Introduction Cystic fibrosis (CF) associated liver disease affects up to 41% of CF sufferers and may progress to cirrhosis with associated complications.1 Diagnosis is frequently made without biopsy. A recent study evaluated the use of fibroscan in diagnosis of CF associated liver disease (CFLD) in the paediatric context, however there are now many adult patients with cystic fibrosis, therefore we aimed to validate the ability of fibroscan to assess liver disease severity in an adult CF population.2 3
Methods We recruited a cohort of adult CF patients diagnosed in the paediatric setting with CFLD and a control cohort with CF but no clinical or biochemical evidence of liver disease. All patients were assessed for clinical, radiological or biochemical evidence of liver disease by the authors and underwent a fibroscan. Fibroscan results were correlated with clinical evidence of liver disease.
Results We recruited 20 patients, 11 with normal liver biochemistry, no clinical evidence of liver disease and normal liver ultrasound scans (NLF group) and nine with a historical diagnosis of CF associated liver disease. Six of these had abnormal liver function tests but no clinical, radiological or endoscopic evidence of cirrhosis (Intermediate—I) and three patients had significant liver disease with evidence of portal hypertension at endoscopy (SLD). Correlation of fibroscan result with clinical group was performed. The difference between the SLD group and the NLF group was significant (p=0.002) by the Mann–Witney U test. A ROC analysis suggested a cut-off of 11.2 kPa for cirrhotic CFLD as having the highest accuracy. However this requires further validation with a larger cohort of patients. There was strong correlataion of fibroscan reading with APRI score with an R2 value of 0.757.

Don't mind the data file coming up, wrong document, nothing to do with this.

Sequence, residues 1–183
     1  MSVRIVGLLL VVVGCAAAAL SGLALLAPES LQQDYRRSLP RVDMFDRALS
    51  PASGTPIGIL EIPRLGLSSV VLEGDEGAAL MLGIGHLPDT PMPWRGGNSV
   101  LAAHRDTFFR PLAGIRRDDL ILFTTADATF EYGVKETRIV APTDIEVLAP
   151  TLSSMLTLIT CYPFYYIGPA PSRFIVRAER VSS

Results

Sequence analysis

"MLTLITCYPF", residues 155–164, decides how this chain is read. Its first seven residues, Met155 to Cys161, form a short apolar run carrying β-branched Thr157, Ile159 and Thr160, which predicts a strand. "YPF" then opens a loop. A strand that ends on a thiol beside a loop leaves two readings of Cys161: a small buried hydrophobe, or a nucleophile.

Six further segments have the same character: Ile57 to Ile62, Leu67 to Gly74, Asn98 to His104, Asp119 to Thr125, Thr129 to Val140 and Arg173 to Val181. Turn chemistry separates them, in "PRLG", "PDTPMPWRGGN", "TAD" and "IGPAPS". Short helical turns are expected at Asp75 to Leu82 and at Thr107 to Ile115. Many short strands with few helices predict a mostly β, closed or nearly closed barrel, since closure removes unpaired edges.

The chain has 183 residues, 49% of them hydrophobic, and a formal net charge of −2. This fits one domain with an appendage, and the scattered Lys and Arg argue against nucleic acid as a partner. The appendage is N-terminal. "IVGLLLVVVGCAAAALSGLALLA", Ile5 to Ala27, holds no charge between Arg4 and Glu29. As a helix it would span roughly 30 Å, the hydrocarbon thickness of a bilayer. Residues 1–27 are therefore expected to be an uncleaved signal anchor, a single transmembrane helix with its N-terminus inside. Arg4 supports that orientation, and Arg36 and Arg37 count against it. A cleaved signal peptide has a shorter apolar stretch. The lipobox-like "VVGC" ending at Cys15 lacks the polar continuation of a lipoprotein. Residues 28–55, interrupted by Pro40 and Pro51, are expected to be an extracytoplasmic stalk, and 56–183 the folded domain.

Conclusion Fibroscan correlates well with clinical assessment of CFLD severity in our cohort of adult CF patients and may help clarify diagnosis. We continue to recruit patients and hope to determine appropriate cut-off values for further investigation.
Competing interests None declared.
Reference 1. Lamireau T, Monnereau S, Martin S, et al. J Hepatol 2004;41:920–5.
2. Witters P, De Boeck K, Dupont L, et al. J Cyst Fibros 2009;8:392–9.
3. Leonard A, Menten R, Clapuyt P, et al. J Cyst Fibros 2008;7(Suppl 2):S82.
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